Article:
Photopharmacology Offers Light-Controlled Drugs And Therapies

The emerging field of photopharmacology aims to use light as an external stimulus to activate drug molecules, and do so with a high degree of control over the time and place where this happens – a conceptually straightforward task, which in fact requires an interdisciplinary effort across both chemical synthesis and light delivery technology.

Unlike conventional antibiotics, which have a long-lasting presence in the body and the environment leading to antibiotic resistance, and chemotherapy agents, which can easily affect healthy cells as a side-effect of treatment, a molecule whose therapeutic action can be switched on and switched off again by the action of light could have some dramatic advantages.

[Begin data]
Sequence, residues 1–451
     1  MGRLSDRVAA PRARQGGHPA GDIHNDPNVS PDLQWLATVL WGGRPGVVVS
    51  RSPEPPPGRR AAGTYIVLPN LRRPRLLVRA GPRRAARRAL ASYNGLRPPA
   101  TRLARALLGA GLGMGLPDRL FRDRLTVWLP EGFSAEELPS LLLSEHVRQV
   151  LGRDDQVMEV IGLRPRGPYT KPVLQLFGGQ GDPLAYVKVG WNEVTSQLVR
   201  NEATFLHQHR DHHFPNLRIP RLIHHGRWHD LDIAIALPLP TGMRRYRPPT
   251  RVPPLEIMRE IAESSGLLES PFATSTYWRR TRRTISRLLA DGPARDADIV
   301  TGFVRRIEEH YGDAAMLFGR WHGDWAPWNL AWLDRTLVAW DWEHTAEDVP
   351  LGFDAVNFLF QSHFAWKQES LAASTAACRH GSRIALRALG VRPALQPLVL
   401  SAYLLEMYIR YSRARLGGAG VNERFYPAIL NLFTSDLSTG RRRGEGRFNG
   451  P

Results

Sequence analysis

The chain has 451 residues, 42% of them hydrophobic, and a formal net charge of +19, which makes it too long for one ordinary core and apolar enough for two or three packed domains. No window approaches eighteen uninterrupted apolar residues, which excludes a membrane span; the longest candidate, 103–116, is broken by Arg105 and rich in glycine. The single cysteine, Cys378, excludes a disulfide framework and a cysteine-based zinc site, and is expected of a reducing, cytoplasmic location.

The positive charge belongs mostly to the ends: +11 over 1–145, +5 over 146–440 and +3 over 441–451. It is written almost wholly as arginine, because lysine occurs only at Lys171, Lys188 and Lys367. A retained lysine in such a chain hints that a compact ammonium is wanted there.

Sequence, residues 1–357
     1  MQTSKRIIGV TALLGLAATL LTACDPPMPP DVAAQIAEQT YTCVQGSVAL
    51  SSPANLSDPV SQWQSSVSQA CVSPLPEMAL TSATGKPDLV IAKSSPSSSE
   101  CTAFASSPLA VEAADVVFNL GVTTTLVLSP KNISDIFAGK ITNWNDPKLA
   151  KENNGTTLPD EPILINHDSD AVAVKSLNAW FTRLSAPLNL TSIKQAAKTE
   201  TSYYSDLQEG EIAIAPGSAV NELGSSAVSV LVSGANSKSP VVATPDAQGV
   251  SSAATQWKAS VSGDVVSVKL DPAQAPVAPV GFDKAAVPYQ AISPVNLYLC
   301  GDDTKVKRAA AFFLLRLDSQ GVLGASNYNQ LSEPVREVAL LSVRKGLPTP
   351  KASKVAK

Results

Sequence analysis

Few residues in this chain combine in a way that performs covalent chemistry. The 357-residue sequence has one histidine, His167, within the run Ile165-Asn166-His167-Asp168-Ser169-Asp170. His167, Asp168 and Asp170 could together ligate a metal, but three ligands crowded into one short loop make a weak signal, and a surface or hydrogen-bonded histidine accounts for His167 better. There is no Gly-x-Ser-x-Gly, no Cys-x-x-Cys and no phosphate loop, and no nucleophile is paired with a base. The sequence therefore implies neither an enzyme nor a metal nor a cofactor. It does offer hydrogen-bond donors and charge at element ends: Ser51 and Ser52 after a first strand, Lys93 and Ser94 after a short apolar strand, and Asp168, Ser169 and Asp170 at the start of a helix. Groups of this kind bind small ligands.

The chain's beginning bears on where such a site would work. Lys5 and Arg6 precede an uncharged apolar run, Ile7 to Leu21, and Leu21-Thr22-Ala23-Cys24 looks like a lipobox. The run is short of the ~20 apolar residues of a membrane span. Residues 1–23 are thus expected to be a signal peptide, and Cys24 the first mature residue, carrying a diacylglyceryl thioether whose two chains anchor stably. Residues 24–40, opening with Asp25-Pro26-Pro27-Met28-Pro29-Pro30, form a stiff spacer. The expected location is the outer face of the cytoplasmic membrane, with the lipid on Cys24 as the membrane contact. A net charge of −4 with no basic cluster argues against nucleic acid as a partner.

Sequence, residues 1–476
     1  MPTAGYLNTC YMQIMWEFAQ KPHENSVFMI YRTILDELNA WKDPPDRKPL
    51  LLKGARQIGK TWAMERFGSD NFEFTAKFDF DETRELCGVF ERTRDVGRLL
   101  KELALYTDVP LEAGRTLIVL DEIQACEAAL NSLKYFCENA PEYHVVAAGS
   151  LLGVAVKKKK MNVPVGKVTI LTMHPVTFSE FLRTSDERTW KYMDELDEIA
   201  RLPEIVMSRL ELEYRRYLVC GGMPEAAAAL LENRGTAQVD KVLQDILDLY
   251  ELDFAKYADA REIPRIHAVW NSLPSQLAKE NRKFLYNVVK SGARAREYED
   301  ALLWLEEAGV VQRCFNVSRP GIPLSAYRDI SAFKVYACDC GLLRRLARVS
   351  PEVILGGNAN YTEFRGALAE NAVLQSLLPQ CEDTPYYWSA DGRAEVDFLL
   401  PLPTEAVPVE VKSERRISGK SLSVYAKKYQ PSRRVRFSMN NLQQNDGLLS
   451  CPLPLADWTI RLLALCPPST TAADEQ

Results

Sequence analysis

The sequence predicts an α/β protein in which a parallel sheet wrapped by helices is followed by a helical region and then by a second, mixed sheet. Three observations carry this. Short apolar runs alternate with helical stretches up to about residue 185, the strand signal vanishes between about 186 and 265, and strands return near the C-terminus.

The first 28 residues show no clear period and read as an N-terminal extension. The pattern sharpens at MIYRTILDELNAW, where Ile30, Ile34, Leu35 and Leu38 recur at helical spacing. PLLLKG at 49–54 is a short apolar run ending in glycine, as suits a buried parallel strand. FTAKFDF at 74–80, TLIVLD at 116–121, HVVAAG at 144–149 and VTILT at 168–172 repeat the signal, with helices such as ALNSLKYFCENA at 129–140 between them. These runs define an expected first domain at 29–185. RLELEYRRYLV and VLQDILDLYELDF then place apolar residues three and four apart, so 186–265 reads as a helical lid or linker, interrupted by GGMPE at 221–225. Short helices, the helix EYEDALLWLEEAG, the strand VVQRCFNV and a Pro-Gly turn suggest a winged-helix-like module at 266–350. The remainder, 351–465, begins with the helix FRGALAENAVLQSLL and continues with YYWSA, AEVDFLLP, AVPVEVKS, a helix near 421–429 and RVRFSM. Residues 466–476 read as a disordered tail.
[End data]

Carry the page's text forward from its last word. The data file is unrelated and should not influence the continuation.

Understanding the half-life of the isomerized form of the molecule and the rate at which it reverts to its original form, along with the quantum yield of the isomerization process, has become a key aspect of photopharmacology from a chemistry perspective, alongside the central challenge of synthesizing a molecule capable of adopting two forms of differing potency in the first place.

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